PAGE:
So why exactly do you need a sample copyright page?
One of the most common questions I get from new self-publishers is, “What do I put on the copyright page?” For some reason, the copyright page has the power to intimidate some people, with its small print and legalistic language, not to mention all those mysterious numbers.
But it doesn’t have to be that way. There are a few necessary items on the copyright page, and others that publishers add for various reasons.
I’ve treated the copyright page in some detail in other posts, so if you want background please check here: Self-Publishing Basics: The Copyright Page. In a guest post, Joanne Bolton supplied some useful information for books that are printed overseas, and you can find her post here: Copyright Page Requirements for Books Printed Overseas.
To see the place of the copyright page within the book as a whole, check out An Unabridged List of the Parts of a Book.
The only elements required on a copyright page are the copyright notice itself:
© 2009 Joel Friedlander
And some statement giving notice that the rights to reproduce the work are reserved to the copyright holder.
All Rights Reserved.
Next you’ll see two versions of the copyright page, one long page with a CIP data block and a short version. Feel free to copy and paste these into your book file. Just remember to put your own information in.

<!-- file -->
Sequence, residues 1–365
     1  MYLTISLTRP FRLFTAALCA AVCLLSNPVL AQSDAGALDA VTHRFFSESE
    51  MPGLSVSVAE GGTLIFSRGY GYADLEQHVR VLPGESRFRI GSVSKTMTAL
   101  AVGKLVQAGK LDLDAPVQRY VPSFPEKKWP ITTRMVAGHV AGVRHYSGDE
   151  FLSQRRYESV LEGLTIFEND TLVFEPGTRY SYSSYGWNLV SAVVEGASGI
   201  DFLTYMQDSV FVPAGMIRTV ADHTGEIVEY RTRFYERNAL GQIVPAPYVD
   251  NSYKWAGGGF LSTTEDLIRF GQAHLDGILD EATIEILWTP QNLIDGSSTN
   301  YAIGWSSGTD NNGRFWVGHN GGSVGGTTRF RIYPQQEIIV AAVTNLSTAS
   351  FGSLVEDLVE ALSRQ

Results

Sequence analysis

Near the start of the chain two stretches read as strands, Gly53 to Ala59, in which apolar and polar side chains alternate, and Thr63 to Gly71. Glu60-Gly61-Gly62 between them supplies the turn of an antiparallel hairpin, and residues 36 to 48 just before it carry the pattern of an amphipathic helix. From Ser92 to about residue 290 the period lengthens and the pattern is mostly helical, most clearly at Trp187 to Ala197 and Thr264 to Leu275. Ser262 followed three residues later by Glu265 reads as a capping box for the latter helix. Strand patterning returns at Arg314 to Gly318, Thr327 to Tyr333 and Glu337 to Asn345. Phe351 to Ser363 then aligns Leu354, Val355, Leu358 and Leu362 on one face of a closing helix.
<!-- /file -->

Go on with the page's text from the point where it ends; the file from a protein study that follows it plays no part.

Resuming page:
Sample Copyright Page #1: Long Version with CIP Data Block
Here’s an example of a copyright page that has the necessary elements, then adds ordering information, web address, CIP Data block (I’ve put this in blue so you can identify what is included; replace this with your own or delete it if you’re not obtaining CIP), edition information, and printing numbers (the string at the bottom) and dates for future editions.
Copyright © 2010 by Bill Shakespeare
All rights reserved. No part of this publication may be reproduced, distributed, or transmitted in any form or by any means, including photocopying, recording, or other electronic or mechanical methods, without the prior written permission of the publisher, except in the case of brief quotations embodied in critical reviews and certain other noncommercial uses permitted by copyright law. For permission requests, write to the publisher, addressed “Attention: Permissions Coordinator,” at the address below.
1233 Pennsylvania Avenue
San Francisco, CA 94909
Quantity sales. Special discounts are available on quantity purchases by corporations, associations, and others. For details, contact the publisher at the address above.
Orders by U.S. trade bookstores and wholesalers. Please contact Big Distribution: Tel: (800) 800-8000; Fax: (800) 800-8001 or visit www.bigbooks.com.
Printed in the United States of America
Publisher’s Cataloging-in-Publication data
A title of a book : a subtitle of the same book / Bill Shakespeare ; with Ben Johnson.
1. The main category of the book —History —Other category. 2. Another subject category —From one perspective. 3. More categories —And their modifiers. I. Johnson, Ben. II. Title.
HF0000.A0 A00 2010
299.000 00–dc22 2010999999
14 13 12 11 10 / 10 9 8 7 6 5 4 3 2 1
Sample Copyright Page #2: Short Version